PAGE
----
It seems people paint such a rosey picture of international investments while failing to put the whole picture into perspective. Smells of a boom. Recent returns might agree with me. And where there’s a boom, there’s a bust.

    For what it’s worth, I own 30% VGTSX. [fixed 'won' to 'own' - Jonathan]

  6. Jay-

    Im gonna bet with the wizard of omaha on this. Im not just talking china here, Im talking to eastern europe, asia, india, the mediteranean. while booms do lead to busts, im talking over the long term these countries will do better.

    thats not to say “us stocks” wont do good but most of the best performers are big mulitnational firms.

    why don’t i think the us is the best bet over the long run? crappy currency, high twin deficits, high consumer debt, and a low savings rate. and given the growing government social obligations and the enivetable high taxes that this is going to entail, along with a crappy education system that doesnt educate the youth of today for the world of tomorrow, within 10-15 years, this country is not going to be #1. its a slow decline.

    you know what country has the best cell phone network in the world? mongolia.

    when you come on the playing field, u can use all these advantages quicker than a country like the US can.

    I bet against the US and until our politicians start arguing about real issues instead of homo marriage and flag burning and cut and running, im going to continue to bet against us.

    Just one mans opinion.

  7. Matt,

    why don’t i think the us is the best bet over the long run? crappy currency, high twin deficits, high consumer debt, and a low savings rate. and given the growing government social obligations and the enivetable high taxes that this is going to entail, along with a crappy education system that doesnt educate the youth of today for the world of tomorrow, within 10-15 years, this country is not going to be #1. its a slow decline.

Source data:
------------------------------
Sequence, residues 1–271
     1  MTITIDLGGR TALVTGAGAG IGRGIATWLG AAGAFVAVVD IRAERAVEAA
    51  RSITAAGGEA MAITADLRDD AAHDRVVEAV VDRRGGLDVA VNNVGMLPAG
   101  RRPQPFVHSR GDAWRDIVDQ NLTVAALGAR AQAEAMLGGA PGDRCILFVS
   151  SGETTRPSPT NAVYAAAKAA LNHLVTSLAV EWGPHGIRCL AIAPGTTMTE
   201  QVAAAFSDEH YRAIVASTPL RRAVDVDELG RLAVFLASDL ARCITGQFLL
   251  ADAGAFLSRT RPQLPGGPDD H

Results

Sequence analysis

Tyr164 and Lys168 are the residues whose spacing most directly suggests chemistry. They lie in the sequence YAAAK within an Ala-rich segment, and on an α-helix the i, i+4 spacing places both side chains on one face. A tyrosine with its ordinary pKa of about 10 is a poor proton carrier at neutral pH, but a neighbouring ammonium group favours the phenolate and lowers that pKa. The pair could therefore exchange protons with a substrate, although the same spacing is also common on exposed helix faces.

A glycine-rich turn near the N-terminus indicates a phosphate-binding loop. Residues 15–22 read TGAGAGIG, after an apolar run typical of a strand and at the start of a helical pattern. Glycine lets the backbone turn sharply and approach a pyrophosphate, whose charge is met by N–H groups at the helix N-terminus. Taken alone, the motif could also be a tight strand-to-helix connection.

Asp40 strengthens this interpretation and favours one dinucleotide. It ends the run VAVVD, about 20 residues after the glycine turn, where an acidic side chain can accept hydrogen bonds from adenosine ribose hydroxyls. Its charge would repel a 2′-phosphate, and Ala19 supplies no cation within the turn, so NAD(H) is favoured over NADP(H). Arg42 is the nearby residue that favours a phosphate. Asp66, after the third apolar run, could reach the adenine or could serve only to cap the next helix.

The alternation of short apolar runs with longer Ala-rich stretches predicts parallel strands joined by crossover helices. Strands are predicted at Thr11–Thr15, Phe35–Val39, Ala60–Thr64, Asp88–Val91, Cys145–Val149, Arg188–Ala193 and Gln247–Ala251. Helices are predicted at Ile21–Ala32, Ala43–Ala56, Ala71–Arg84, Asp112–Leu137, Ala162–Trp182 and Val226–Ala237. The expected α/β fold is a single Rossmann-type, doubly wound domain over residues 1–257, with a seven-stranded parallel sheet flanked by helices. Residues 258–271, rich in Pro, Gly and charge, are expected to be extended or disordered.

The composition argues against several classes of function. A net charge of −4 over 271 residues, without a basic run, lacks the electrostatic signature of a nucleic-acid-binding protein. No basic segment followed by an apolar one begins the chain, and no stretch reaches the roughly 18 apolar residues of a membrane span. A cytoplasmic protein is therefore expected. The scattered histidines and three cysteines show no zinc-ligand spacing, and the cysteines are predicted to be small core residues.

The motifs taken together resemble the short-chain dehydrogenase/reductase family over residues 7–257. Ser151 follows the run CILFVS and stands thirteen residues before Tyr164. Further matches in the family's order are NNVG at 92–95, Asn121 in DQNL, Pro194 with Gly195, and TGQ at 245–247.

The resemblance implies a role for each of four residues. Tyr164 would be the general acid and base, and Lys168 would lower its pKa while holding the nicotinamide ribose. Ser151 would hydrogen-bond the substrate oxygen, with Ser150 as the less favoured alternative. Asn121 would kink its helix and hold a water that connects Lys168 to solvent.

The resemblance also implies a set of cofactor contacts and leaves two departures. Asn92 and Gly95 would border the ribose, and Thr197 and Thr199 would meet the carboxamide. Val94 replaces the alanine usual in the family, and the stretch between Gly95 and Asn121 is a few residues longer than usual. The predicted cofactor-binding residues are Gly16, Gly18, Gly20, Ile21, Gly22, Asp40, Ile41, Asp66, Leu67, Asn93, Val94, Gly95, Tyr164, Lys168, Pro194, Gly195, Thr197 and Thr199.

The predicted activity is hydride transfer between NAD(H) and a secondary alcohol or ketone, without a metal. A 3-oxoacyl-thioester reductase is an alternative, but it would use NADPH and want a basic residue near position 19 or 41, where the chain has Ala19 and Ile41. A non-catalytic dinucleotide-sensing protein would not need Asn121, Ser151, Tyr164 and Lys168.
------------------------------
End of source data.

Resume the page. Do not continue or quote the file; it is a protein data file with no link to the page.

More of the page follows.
It’s not like things are completely peachy in China. There’s the 4-2-1 problem for them. 4 grandparents and 2 parents will be supported by 1 working child. Unlike many other countries, the US won’t suffer from a population decline in the coming years, which is a major component of the GDP. Not to mention the legal, democratic, and capitalistic systems that have been in the making here for several centuries. Those will not come overnight. Certainly not in 10-15 years.

    Regardless of how many engineers China or India churns out, the fact is we still produce the best ones. We still have more of the top universities in the world than any other country.

    I bet against the US and until our politicians start arguing about real issues instead of homo marriage and flag burning and cut and running, im going to continue to bet against us.

    I completely agree. The theocracy took 40 years to build, but it is quickly crumbling beneath their feat. I have hope that things will change before it’s too late.

  8. Wow! This is an incredible discussion!!
    I’d like to compliment everyone.
    What a topical discussion.

    Has anyone read Jeremy Seigel’s recent writings on fundamental value – he had an editorial last week in the journal.

    My thoughts are that growth will accelerate globally, though not necessarily in China alone. Globalization is a long term trend that will benefit other countries besides the US. So I expect foreign investments to grow on the long term. Of course EEM and such not will be riskier since their legal and political infrastructures vary in maturity.

    As far as small cap value, I’d recommend keeping it for the long time. I talked with a pension fund manager yesterday and he told me they were deemphasizing small cap for international, however, I agree with Siegel’s argument about small cap value – that over the long term it will outpeform most domestic investments.

    You need to keep some domestic large cap in order to maintain a diversified portfolio mix. So I’d be careful about how you disinvest.

    I’m leary about China as a specific country, but do have investments there myself. China has not yet managed to have effective rule of law. The vast number of corrupt / non-performing loans in China is vast and had been covered up by government and the banks. Eventually problems like these will have to be purged and in the process either eliminate shareholder equity or require government bailouts. Japan had a similar but I think smaller problem in the 80s/90s with real estate loans.

    In spirit, I like some of what Sri has said. But, I’d keep the bond fund, you need an alternate asset class to equities.

    I might trim the s&p 500 and large value a bit and put more of it into international.

    I’m very split about reducing the small cap and movign it to mid-cap. If you want to buy and hold, I’d keep it where it is. If you want to dynamically sector allocate – i.e. trade sectors, then I’d consider adding midcaps, but it’s not really my style – is it yours?

    Regards,
    makingourway

  9. do you own the bridgeway fund through a broker? Because I think the fund minimum is $2000 to open directly with bridgeway.Would u mind letting me know which broker u use for bridgeway? I cant afford the 2000$ min but i would like to invest in bridgeway funds as i have heard really got things abt it.

  10. I opened with $2,000 at Bridgeway. It dropped…